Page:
After reading the title of this post you might be drawn back to those days in middle school and high school when you constantly asked your teacher (probably your math teacher in particular), “When the hell will I ever use this in my life?” Well you may not have used the word hell but you probably got some BS answer about when you will use that random equation that I can’t remember at this time because well I never used it again…
But college is supposed to be different, right..? College is where you finally decide what you want to do with your life, where you weed out all those subjects you really wont need for your future career (minus all those gen eds you have to take, just because..) and you learn what you need to to do the job you want.
I found this article Did you learn more lasting career lessons in school or in the office? which talks about the things you can only learn from real-life experience.
Now I hate to brag about my college, and some of my classmates may disagree but I felt like I actually did learn useful things from college. Yes, of course there are real-life, everyday workplace lessons you can literally only get from working in an office but I thought unlike learning straight from a book I learned about my industry. Perhaps that had a lot to do with my industry but I thought my education from The Art Institute of Philadelphia (yes, there’s my name drop) really helped me along.
Like the article mentions doing an internship before graduating can definitely help you with those real-life, everyday lessons. I know it definitely helped me. I’m glad it was required from my school because it was definitely worth the time. Another thing that I think really helped with my education and I know that this is hard to come by in most majors is that majority of my professors were active in their fields. They were all professional artists themselves, whether they had their own businesses, did freelance work, or worked part-time teacher and working, they all could give us real-time advice on the industry which was very helpful and appreciated.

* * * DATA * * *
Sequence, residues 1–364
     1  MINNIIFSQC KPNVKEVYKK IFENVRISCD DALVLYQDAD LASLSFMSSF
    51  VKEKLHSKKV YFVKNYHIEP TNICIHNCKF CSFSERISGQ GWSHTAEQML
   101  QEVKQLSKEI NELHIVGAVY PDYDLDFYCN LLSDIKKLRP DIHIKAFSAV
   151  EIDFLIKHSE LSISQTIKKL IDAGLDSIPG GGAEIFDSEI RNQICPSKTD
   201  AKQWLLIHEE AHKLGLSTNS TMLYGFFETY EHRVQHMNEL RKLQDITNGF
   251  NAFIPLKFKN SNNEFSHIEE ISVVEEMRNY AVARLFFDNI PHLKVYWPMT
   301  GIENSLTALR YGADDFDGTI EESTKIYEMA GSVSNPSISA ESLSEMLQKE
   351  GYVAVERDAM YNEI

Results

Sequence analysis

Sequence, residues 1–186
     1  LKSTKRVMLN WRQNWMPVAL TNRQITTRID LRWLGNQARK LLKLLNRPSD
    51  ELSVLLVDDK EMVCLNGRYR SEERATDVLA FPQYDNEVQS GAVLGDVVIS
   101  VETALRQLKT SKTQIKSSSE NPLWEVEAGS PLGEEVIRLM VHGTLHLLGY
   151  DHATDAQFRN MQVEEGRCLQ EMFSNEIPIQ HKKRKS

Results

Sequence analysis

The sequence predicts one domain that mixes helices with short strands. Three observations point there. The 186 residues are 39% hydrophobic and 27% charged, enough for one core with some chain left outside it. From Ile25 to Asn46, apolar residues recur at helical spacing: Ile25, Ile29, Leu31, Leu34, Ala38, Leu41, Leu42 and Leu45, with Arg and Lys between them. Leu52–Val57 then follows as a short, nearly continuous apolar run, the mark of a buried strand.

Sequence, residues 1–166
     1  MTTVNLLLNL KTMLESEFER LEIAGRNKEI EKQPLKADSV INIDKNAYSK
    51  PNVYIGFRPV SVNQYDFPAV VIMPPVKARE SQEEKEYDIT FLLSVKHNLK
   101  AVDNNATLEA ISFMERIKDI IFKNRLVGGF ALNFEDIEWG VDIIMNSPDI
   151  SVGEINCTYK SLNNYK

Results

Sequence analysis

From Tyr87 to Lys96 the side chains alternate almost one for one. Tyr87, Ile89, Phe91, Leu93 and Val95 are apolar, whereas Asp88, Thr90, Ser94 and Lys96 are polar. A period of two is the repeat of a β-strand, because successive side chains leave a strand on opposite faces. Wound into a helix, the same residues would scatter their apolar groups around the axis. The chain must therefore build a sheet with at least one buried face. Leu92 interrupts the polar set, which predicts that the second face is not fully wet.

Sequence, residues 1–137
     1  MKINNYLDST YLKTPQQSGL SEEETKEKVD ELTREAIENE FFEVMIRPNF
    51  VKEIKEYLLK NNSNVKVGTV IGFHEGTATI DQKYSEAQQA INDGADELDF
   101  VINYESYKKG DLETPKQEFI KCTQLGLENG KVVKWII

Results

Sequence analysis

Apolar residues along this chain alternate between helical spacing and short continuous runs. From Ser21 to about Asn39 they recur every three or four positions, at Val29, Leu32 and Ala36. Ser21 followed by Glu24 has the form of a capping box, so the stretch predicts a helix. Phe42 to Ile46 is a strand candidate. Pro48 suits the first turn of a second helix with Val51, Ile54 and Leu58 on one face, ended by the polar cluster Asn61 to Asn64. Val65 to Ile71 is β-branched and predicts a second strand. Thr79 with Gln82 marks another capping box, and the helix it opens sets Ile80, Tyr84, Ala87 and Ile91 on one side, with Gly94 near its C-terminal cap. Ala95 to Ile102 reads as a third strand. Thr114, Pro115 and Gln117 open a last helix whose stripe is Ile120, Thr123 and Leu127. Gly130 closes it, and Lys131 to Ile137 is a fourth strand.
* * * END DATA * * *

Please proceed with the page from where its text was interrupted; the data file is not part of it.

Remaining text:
Of course there’s nothing like getting out into the field, starting a new job and then being kicked to the ground with all the shit you didn’t know. But that’s going to happen anyway. I interned for about 3 months I think, and I learned a lot during that time but it took much longer than 3 months at my new job to slip into everything and find out all the “shit” I didn’t know.
I in no way think that college is unnecessary but I do think that certain ways of teaching and learning are. I think there is a lot more that isn’t taught that needs to be taught for people to succeed in their careers. That’s the one thing that stood out when I was looking for art schools and the one thing the Art Institute didn’t fail me on.
Disclaimer: This post is mostly for the article I didn’t mean to brag about the Art Institute that much, just kind of happened that way. =)